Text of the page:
Stocks climbed on Monday as China's vow to allow a flexible yuan invigorated optimism in the global recovery and raised the outlook for sales in the long term at U.S. multinationals.

Energy and materials shares led the way up as commodities were boosted by the move. Among U.S.-based multinational companies, Caterpillar Inc gained 3 percent to $67.84, while Freeport-McMoRan Copper & Gold Inc jumped 5.2 percent to $69.30.

China's yuan surged the most since its revaluation in 2005, and global markets gained following the surprise weekend announcement by China's central bank that it would allow greater flexibility for the currency.

The move is expected to boost purchasing power and demand in China, the world's third largest economy. A higher yuan would also help temper inflation by pushing down import prices, which could mean Beijing would have less need to tighten monetary policy aggressively.

It's a very large positive in the sense that the next decade of global growth is probably going to be shaped by how well the China consumer develops or doesn't, and obviously this is a step to help that, said Mike O'Rourke, chief market strategist at BTIG LLC in New York.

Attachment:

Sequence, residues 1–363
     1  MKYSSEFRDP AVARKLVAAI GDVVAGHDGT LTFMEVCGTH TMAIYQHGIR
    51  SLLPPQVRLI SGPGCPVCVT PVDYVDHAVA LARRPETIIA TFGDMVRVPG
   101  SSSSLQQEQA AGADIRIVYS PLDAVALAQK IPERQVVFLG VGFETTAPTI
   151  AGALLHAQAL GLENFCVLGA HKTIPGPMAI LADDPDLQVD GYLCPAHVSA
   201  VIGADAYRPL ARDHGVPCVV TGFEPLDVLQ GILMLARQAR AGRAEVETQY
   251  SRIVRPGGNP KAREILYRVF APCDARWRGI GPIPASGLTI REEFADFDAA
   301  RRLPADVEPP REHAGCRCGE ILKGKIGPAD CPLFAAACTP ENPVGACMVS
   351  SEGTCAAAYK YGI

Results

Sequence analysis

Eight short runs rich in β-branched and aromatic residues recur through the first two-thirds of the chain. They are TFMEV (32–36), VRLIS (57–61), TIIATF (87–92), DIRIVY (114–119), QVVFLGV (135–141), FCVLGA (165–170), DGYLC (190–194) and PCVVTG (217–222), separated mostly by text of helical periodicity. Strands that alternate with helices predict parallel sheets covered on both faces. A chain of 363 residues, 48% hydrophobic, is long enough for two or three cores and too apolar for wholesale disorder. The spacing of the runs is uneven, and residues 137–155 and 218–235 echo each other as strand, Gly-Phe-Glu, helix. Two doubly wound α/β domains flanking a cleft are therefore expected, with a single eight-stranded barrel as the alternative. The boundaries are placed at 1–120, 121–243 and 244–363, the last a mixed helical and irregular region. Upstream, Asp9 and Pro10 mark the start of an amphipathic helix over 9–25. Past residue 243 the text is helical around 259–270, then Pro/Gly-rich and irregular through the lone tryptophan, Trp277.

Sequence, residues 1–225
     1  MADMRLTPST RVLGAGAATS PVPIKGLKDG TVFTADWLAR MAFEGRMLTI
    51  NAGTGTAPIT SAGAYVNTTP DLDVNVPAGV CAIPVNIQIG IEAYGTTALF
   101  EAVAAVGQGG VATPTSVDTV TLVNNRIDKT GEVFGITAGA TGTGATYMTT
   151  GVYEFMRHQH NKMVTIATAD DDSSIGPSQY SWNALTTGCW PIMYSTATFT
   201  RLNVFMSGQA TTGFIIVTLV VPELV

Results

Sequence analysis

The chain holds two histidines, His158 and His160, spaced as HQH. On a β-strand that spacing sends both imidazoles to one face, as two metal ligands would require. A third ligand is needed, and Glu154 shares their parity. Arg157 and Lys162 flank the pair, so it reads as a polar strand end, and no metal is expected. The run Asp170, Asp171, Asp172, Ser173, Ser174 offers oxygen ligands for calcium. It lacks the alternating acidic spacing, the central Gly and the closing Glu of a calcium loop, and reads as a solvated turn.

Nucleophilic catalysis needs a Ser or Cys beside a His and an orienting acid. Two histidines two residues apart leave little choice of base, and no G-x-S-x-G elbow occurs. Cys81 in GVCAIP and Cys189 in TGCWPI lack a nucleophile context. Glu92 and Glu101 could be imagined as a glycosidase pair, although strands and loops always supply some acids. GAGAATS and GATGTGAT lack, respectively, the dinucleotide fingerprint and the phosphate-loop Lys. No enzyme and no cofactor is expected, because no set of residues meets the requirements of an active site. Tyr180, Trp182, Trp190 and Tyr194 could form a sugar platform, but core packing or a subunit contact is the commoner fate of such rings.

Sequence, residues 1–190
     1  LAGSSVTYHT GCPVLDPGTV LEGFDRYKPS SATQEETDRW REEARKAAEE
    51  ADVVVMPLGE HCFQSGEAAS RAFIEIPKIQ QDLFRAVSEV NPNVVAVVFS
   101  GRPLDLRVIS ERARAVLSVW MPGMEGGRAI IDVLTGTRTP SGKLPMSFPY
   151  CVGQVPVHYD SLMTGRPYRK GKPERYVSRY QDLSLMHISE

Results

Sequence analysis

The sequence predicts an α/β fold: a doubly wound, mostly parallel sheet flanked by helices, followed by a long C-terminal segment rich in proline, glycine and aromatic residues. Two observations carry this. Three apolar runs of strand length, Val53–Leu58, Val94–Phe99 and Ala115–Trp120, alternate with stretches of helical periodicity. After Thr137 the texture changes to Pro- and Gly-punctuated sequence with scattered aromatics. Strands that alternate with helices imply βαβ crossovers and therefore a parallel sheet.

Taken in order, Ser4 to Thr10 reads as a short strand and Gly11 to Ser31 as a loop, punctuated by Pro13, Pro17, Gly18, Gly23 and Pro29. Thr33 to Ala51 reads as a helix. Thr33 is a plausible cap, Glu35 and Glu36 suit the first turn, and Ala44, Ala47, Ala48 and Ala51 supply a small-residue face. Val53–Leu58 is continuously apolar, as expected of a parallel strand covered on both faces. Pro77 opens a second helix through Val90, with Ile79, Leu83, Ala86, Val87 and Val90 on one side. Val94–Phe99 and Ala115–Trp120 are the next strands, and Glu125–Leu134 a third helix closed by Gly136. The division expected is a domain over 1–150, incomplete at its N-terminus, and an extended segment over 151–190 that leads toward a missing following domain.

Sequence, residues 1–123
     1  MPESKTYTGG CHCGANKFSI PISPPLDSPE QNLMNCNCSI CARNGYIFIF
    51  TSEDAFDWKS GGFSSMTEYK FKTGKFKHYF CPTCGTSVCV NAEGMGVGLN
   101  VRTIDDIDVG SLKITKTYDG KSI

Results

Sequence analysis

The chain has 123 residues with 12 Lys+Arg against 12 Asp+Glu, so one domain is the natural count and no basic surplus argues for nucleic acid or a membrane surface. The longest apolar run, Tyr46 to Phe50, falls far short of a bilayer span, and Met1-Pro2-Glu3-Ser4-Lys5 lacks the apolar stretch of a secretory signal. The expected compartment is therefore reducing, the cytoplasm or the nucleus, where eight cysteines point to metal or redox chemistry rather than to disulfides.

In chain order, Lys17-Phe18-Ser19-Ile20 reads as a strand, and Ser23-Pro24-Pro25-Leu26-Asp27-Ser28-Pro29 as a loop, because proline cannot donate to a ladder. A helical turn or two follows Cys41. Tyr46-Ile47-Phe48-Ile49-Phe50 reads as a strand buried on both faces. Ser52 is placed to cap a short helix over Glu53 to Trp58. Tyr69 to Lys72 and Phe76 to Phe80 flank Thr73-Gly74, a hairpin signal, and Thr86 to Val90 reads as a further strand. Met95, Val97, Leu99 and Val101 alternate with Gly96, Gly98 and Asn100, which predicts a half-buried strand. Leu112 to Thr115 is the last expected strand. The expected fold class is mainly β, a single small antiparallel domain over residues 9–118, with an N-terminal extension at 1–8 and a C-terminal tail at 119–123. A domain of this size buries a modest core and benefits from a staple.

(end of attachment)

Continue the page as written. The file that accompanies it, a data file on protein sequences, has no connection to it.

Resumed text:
The Dow Jones industrial average <.DJI> gained 137.32 points, or 1.31 percent, to 10,587.96. The Standard & Poor's 500 Index <.SPX> rose 13.23 points, or 1.18 percent, to 1,130.74. The Nasdaq Composite Index <.IXIC> climbed 28.40 points, or 1.23 percent, to 2,338.20.

The S&P 500 broke through 1,130, the midpoint between its 2010 high- and low-points and a key technical retracement. But the index could face resistance moving much above it.

An internal BP Plc document released by a U.S. lawmaker estimated that a worst-case scenario rate for the Gulf of Mexico oil spill could be about 100,000 barrels per day, far higher than the current U.S. government figure. BP's U.S.-listed shares slid 3.7 percent to $30.59.

(Editing by Padraic Cassidy)